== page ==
Engineering the sales engine: founders must lead sales

From mucking around with Lego as a kid, to studying mechanical engineering at Uni, I’m a builder and a tinkerer at heart. Much like an engineer who refines a car to improve performance, the machine I most liked to tinker with at Aconex was our sales engine. I loved the challenge of solving new sales problems as they arose, continually trying to improve how we took our product to market and finding the most efficient way to reach and serve our customers.

By “sales engine” I mean the entire go-to-market process that you use to reach, sell to, retain and grow customers. It’s not just the sales function – it includes every aspect of marketing, sales and customer success.

In this series, I’ll work through key focus areas to build and tune the sales engine, based largely on what I learned about sales at Aconex. While we made plenty of mistakes, sales was one area in which we performed well relative to competitors. In the early days, while we had a good product, I believe our sales capability set us apart, enabling us to outpace the competition. As revenue grew, we were able to reinvest in the product, creating a virtuous growth cycle.

The first three rules are about embedding a sales mindset, which must start with the founders. In future posts I’ll move to the importance of the go-to-market strategy, followed by marketing approaches, particularly digital marketing, sales processes and how to build a sales team.

1. Learn to love sales

Sales is the lifeblood of a company. If you don’t sell, you don’t have customers and you don’t have a business. As a founder or CEO, you need to be your number one salesperson and lead from the front. After all, if you don’t love selling your product, how can you expect your team to?

One of the toughest periods for me at Aconex was in the very early days, as our very first salesperson. I realised that to get the company off the ground I was going to have to sell. While Rob was involved in our early sales efforts, he was primarily focussed on the product and customer support. I was the sales team.

Around that time, an advisor who recognised the importance of sales asked if I’d ever done any sales training or even read a book about it. Somewhat embarrassed, I respond with a no. He made the point that sales was like any other skill that can be learned and that I should learn how to sell. It was great advice.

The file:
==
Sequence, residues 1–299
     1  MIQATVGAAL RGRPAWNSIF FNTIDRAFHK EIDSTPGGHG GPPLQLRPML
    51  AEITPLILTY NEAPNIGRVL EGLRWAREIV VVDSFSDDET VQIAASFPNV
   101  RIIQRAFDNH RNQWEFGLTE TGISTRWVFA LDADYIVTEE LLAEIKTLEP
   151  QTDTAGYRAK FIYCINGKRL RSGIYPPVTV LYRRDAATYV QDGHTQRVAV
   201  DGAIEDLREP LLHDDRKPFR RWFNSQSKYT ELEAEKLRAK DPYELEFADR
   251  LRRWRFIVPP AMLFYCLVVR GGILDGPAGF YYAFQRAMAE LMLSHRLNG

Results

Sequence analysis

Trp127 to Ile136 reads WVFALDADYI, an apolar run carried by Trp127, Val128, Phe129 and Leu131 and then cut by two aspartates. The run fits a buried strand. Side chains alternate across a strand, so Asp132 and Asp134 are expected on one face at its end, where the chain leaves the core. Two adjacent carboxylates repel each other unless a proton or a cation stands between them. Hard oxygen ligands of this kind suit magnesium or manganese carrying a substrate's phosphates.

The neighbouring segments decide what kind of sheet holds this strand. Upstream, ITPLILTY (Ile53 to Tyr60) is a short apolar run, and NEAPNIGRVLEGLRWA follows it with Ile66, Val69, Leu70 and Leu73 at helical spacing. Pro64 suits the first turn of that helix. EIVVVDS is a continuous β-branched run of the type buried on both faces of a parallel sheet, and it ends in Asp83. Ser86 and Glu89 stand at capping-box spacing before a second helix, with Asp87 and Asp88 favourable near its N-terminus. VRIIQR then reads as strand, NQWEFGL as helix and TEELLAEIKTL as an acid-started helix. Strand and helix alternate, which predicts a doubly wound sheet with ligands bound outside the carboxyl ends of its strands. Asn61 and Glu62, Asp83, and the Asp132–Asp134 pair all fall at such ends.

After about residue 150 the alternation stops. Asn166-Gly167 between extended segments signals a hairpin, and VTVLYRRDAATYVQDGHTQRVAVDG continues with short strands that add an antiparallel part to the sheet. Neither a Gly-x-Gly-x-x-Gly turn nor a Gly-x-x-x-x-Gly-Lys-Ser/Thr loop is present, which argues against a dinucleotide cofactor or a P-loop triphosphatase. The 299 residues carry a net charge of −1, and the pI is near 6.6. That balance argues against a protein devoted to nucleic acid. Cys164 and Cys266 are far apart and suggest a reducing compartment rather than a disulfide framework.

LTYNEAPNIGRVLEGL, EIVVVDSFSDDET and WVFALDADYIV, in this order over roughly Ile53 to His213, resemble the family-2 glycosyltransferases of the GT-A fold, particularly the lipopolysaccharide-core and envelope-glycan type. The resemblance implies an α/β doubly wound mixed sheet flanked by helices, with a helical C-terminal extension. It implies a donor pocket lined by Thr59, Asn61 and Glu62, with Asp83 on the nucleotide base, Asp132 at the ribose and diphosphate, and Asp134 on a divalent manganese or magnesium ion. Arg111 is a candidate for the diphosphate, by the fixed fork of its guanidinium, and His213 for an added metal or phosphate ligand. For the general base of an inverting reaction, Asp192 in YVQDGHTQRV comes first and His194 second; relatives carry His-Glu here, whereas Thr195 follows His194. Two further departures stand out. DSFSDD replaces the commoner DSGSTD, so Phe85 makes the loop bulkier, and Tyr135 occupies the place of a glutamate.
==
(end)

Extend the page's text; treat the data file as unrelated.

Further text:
I knew very little about the strategy and tactics of managing a sales process or closing a deal. So, I started by reading a few old-school business books – ‘How to Master the Art of Selling’, by Tom Hopkins; ‘The Art of Closing the Sale’ and ‘The Psychology of Selling’, both by Brian Tracy; and ‘Secrets of Closing the Sale’, by Zig Ziglar. These books were invaluable in helping me learn how to sell and become a stronger salesperson.

Sales, especially in the early days, was about hard work, discipline and perseverance. I’d structure my week to allow time for both customer meetings and cold calls. At first I hated cold calling, but that was what was needed. I’d set myself a goal each day for the number of calls I would make, and would work my way through a prospect list with the aim of getting a meeting.

Most people would say no but I’d get the occasional yes. Then I’d get out on the road and meet with the prospects. If I was interstate, I’d try to schedule five to six meetings per day over two to three days to minimise travel.

To be effective in selling, you must love it, not just like or tolerate it. Often this will come from the passion you have for your product and serving your customers. But sometimes that is not enough – if you’re not a natural salesperson, you’ll have to learn how to sell. Make the time. Get to love it. It is an important investment in your company’s success.

2. Founder-led sales

Regardless of how your company sells – whether product-led, through digital marketing or using a field sales team – as the founder or CEO you must lead the sales effort.